Mr. Blankfein said it’s worth remembering the challenges of the moment always seem worse than those of the past, if only because the past is resolved. And history, like the markets, has cycles.

“You think things have never been scarier?” said Mr. Blankfein, who retired from Goldman in 2018. “Really? We lived through the Cuban missile crisis when we were stopping Soviet ships in international waters. These are really the most polarized times? I was around in 1968 when there were assassinations of public figures, when kids were blowing up draft centers, and the National Guard was shooting on campuses. We got through that, we’ll get through this.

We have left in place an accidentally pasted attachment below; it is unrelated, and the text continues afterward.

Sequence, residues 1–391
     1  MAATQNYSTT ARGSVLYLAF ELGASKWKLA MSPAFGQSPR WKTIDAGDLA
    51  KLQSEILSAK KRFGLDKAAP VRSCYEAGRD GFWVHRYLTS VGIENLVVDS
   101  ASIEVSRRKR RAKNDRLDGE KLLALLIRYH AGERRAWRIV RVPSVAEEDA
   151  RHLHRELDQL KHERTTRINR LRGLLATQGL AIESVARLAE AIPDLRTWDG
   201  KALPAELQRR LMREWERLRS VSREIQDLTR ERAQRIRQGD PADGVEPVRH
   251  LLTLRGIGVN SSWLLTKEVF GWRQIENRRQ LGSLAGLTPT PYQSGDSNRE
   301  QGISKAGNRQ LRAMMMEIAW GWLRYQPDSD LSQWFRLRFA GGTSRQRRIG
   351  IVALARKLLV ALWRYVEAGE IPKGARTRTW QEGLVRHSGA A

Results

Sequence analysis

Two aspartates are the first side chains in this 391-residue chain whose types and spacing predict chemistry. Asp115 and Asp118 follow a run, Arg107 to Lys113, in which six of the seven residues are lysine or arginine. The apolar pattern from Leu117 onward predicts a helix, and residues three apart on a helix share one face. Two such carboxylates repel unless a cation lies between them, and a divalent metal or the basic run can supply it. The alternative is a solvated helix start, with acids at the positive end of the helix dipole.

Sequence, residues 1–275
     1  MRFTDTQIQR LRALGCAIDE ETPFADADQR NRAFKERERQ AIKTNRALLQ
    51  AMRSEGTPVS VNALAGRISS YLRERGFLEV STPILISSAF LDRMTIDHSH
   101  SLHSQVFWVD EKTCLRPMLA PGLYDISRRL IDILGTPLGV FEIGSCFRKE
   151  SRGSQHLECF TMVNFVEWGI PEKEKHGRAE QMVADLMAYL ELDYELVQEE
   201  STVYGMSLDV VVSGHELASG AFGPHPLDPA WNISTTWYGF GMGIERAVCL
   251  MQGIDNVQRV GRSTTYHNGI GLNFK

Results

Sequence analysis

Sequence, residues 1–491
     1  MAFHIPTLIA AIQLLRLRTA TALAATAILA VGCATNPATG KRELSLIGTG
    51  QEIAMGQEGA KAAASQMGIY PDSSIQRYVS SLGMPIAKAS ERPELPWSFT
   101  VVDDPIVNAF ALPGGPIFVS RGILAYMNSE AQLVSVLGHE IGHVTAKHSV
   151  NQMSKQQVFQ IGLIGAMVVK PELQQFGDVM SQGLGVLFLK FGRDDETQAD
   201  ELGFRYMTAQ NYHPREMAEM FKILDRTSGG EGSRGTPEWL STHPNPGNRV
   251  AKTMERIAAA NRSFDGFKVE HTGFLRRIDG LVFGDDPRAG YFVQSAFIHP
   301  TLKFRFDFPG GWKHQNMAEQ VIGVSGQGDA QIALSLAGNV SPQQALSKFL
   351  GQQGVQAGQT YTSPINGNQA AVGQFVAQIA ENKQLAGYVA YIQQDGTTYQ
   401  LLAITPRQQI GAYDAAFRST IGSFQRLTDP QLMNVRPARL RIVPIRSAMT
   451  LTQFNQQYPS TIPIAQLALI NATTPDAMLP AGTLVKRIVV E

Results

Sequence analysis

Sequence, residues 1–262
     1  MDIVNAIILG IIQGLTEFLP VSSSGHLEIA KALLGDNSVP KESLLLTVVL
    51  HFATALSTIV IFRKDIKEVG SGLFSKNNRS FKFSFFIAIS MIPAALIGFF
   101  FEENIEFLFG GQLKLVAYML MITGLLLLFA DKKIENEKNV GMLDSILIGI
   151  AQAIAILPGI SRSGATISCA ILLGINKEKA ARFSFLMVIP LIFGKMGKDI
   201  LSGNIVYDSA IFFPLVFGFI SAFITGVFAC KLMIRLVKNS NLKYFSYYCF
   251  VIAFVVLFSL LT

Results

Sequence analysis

“It’s never as bad as your worst fears or as good as your best hopes,” he added.

If the markets do correct and go down somewhat, oil may go down along for the ride. So in looking at oil, we cannot simply look at oil supply and demand; we must also look at the market as a whole.

Before closing this post, I would like to highlight a recent YouTube by Dr. Anas Alhajji:

It is about the recent two-million-barrel production cut by OPEC+, the US administration’s response, and the actual reality of the cut.

November and December promise to be exciting months, as all recent months have been, in the oil markets.

In summary, I expect WTI to range between $85 and $105 for the month of November. Because of all the uncertainties, I would not be surprised to see oil outside of this range. And if I had to guess, I see more upside potential than downside. But the surprises may go either direction.